Vidya Subrahmaniam

NEW DELHI: When she deposed in the Ayodhya demolition case on Friday, IPS officer Anju Gupta took her oath on Maryada Purushotam Ram and the Bharatiya samvidan (Indian Constitution).

The Rae Bareli court complex was packed with reporters and photographers waiting to swoop down on Ms. Gupta. Seeing the rush, Chief Judicial Magistrate Gulab Singh ordered that the court be cleared of journalists.

Frustrated, they petitioned the District Judge of Rae Bareli, who allowed them in on condition that they keep total silence and switch off their mobile phones. No sooner did Ms. Gupta arrive than the hacks forgot their promise. Cellphones were out in a flash, and headlines dictated to their offices even as Ms. Gupta was testifying. Which is how the TV channels got their non-stop “Anju Gupta breaking news.”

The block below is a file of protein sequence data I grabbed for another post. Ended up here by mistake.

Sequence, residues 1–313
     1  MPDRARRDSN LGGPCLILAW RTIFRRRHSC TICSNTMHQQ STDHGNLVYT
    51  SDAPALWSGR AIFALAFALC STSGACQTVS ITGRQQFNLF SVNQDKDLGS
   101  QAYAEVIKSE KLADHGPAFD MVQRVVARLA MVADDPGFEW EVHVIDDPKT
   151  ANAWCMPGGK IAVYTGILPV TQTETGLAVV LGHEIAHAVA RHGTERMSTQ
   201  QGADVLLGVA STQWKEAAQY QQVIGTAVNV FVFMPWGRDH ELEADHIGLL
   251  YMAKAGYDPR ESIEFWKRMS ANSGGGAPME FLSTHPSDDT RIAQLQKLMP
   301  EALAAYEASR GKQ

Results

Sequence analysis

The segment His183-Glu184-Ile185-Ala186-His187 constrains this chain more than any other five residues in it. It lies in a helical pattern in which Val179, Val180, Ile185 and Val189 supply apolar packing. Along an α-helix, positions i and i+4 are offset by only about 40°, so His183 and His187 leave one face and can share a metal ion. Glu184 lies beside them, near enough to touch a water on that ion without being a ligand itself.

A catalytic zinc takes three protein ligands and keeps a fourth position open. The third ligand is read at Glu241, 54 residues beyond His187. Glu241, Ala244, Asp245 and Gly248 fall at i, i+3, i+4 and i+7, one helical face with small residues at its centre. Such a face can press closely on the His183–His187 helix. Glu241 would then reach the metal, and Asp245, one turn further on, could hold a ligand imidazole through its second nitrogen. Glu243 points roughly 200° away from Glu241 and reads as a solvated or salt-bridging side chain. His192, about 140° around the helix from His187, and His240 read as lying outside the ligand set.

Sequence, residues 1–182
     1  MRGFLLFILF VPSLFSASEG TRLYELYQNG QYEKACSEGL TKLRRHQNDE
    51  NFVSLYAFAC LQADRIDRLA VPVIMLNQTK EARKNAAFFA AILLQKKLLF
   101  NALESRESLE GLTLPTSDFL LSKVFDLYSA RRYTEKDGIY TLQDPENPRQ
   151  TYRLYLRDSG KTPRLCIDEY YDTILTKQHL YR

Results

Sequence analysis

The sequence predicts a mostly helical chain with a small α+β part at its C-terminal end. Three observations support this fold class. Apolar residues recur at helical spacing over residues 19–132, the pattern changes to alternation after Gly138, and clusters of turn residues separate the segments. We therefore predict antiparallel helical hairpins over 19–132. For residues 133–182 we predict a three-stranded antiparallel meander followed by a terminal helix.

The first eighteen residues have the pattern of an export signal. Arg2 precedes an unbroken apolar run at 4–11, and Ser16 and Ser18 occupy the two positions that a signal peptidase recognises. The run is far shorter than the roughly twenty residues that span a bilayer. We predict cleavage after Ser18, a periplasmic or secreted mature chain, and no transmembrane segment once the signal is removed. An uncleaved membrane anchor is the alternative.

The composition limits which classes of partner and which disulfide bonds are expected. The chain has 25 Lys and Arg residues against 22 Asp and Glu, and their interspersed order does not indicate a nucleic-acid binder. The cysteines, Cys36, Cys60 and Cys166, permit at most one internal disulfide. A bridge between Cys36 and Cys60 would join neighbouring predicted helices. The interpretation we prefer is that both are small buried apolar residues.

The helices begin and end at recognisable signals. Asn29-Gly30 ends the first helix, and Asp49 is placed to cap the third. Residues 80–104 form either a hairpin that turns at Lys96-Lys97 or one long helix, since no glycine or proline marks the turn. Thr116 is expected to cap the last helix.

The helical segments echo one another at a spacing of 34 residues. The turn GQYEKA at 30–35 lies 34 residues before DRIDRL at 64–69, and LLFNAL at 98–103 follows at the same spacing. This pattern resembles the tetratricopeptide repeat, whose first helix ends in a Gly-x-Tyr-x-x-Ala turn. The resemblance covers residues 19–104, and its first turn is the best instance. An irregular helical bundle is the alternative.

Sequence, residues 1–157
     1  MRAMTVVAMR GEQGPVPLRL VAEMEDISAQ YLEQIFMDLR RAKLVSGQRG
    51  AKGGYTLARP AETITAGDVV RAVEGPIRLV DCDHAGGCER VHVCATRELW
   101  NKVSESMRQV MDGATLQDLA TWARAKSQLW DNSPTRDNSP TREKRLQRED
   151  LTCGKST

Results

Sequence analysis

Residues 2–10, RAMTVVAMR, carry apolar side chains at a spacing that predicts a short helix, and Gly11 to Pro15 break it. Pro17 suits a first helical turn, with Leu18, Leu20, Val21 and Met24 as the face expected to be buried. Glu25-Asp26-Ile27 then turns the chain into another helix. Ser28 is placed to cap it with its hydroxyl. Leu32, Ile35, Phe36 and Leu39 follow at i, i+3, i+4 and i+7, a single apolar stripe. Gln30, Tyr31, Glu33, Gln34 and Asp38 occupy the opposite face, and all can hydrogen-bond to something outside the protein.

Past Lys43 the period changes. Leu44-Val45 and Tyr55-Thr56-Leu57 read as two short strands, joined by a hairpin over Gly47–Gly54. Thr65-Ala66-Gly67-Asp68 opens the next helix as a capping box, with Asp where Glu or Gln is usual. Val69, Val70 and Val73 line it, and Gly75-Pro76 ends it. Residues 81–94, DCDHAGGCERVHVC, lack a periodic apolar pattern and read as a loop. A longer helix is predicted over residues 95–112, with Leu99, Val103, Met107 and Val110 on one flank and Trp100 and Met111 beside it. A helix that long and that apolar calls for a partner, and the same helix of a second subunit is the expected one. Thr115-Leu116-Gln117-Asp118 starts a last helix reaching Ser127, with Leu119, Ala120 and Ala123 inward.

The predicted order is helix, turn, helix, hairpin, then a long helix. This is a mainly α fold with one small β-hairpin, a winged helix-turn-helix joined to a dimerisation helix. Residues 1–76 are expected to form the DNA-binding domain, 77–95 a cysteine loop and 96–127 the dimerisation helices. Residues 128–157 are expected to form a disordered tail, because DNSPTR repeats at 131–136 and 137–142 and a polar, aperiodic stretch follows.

The deposition got repeatedly stalled. In the beginning, because defence lawyers objected to the prosecution's “leading questions.” Later it got stuck as the judge was curious about at least one English word. Ms. Gupta testified that with the arrival of kar sevaks in large numbers, the writ of the State considerably weakened at Ayodhya. The judge wanted to know if by “writ” she meant a writ petition. An overeager lawyer prompted her to say “command” instead of “writ”. The judge, who was taking down the deposition by hand, looked at him, smiled and said, “Let me write ‘writ' for now. We will bother with the meaning later.”